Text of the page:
- Visit WebPageTest
- Input your website address and click on “Start Test.”
- The tool will do three test runs on your website.
- Scroll down and click on the “Waterfall view”
- The render blocking resources are marked with “X” — and when you click it, you’ll get a breakdown of its status including the file responsible.
How do you eliminate render-blocking resources?
How to eliminate render-blocking CSS resources
As said earlier, CSS is responsible for the styling (all the colors you see) on your website. While that might look simple, it might be tricky to fix.
1. Inline critical CSS
Inclining critical CSS simply refers to inserting the CSS code directly into the HTML file — rather than loading it separately.
Now, the “critical CSS” part is one required to render above-the-fold content (content users see without scrolling). By inlining this critical CSS, the browser can render the above-fold-content more quickly without necessarily waiting for external CSS files to load.
To inline critical CSS, you need to first identify the CSS rules responsible for rendering your above-the-fold content. Once you have identified this, copy the code and paste it directly into the HTML file between the <style> tags in the <head> section.
Here’s an example of a typical HTML file referring to an external CSS (mystyle.css) file:
Here’s how it’ll look when it’s inlined:
It’s important to also note that inlining your CSS can increase your HTML file size, which can slow down your website’s loading time. This is why it’s recommended to only inline critical CSS, and load the remaining CSS file as an external file.
2. Use media queries to load non-critical CSS (conditional CSS)
This is taking on from inlining critical CSS. With the <media> queries, you can customize different styles for different screen sizes. However, this is only applicable for non-critical CSS.
To implement this, you need to identify the CSS required to load below-the-fold content. After which you group them into logical sections based on the content of the page and load them using separate media queries.
For example, you can use a media query to load a separate screen size for mobile devices, print and desktop. By doing this, you reduce the file size of the CSS that needs to be loaded. This also means, on devices where they’re conditional (not requested) it gets skipped, and only the requested screen size gets rendered.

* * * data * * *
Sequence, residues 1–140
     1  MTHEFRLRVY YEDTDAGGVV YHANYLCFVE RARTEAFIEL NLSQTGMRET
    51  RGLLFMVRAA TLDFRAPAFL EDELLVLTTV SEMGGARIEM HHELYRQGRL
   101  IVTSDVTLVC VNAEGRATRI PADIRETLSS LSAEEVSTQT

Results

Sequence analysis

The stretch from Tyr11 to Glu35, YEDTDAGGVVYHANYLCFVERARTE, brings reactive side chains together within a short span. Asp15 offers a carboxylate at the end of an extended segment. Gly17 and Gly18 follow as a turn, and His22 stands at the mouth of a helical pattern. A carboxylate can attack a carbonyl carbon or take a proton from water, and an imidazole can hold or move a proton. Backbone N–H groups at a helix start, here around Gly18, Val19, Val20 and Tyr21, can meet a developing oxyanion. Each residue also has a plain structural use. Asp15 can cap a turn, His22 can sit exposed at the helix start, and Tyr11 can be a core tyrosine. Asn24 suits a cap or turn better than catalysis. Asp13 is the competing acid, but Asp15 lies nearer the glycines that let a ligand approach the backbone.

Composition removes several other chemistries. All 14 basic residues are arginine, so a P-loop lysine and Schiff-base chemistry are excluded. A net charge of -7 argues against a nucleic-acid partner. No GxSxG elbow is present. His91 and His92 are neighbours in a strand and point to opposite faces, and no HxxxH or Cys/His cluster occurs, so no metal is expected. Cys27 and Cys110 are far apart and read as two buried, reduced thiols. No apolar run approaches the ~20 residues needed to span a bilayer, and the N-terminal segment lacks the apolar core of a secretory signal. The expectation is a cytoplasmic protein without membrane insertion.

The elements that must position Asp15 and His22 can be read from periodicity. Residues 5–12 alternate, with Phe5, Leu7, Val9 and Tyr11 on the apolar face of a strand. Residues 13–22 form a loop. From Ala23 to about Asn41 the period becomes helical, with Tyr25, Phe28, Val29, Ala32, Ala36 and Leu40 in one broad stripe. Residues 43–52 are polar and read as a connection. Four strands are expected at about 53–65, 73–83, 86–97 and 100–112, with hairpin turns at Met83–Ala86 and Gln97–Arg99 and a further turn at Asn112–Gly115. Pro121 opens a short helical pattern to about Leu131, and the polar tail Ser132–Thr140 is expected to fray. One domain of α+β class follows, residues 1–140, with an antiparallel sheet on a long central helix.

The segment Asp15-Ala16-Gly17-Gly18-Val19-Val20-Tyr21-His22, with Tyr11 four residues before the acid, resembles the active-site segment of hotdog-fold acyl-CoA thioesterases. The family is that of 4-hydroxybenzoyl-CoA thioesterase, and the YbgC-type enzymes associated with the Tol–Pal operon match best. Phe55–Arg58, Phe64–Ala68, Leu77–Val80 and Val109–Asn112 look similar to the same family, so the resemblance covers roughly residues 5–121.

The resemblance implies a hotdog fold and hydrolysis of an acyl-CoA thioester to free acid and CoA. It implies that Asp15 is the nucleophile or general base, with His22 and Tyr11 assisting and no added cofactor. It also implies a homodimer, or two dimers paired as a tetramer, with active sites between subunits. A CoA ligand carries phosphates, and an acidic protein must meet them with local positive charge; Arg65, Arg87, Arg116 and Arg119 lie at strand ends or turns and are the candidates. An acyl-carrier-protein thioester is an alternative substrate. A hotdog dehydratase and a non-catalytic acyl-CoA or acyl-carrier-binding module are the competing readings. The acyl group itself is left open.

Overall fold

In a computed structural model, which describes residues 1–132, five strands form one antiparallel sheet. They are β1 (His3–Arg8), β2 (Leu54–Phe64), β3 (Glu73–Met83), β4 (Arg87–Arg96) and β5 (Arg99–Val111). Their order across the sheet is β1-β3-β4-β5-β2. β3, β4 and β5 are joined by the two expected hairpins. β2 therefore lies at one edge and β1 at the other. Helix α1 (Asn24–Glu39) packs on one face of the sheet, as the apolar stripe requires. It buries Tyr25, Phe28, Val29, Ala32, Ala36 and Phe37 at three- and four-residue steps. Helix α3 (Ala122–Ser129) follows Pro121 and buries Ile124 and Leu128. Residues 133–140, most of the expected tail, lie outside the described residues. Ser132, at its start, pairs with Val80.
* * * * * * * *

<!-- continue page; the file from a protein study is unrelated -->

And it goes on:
<link href="print.css" rel="stylesheet" media="print">
<link href="large.css" rel="stylesheet" media="screen and (min-width: 1500px)">
<link href="mobile.css" rel="stylesheet" media="screen and (max-width: 600px)">
3. Minify your CSS
To minify your CSS simply means removing unused characters (& unnecessary) characters in your CSS code without affecting its functionality. Some of these characters include whitespaces, spaces, tabs, line breaks and comments.
Here’s an example below:
The primary goal of this minification is to reduce the size of your CSS files so the browser can download and parse it faster.
Some popular tools available include:
To minimize this, you have to use two techniques called asynchronous loading <async> and deferred execution <defer>.
Using Async Attribute
The async attribute tells the browser to continue parsing the HTML while the script downloads in the background. Once the script is downloaded, the browser halts the HTML parsing and executes the script.
💡Pro Tip → Use the async attribute to only load scripts that contribute to the immediate functioning of your website.
Using Defer Attribute
However, this can make the website unresponsive to the user’s input for the first few seconds.
💡Pro Tip → Defer all scripts that are below the fold or that are non-critical to the website’s performance.
Eliminate Render blocking resources with Edgemesh
Edgemesh implements the fastest render-blocking headless solution in the market for your website. With a simple line of code — that you can do yourself — Edgemesh connects your website to our edge network with several servers spread across different regions. So it doesn’t matter where your users are, your website still loads fast.
In addition to improving website performance, Edgemesh offers a range of other features to help optimize your website, such as client-side caching, compression, and a head(ache)less framework.
Forget costly, complex and time-consuming changes to pages, workflows or platforms. With Edgemesh you get the performance of headless without the headache.
Trying to eliminate render blocking resources? Try Edgemesh today.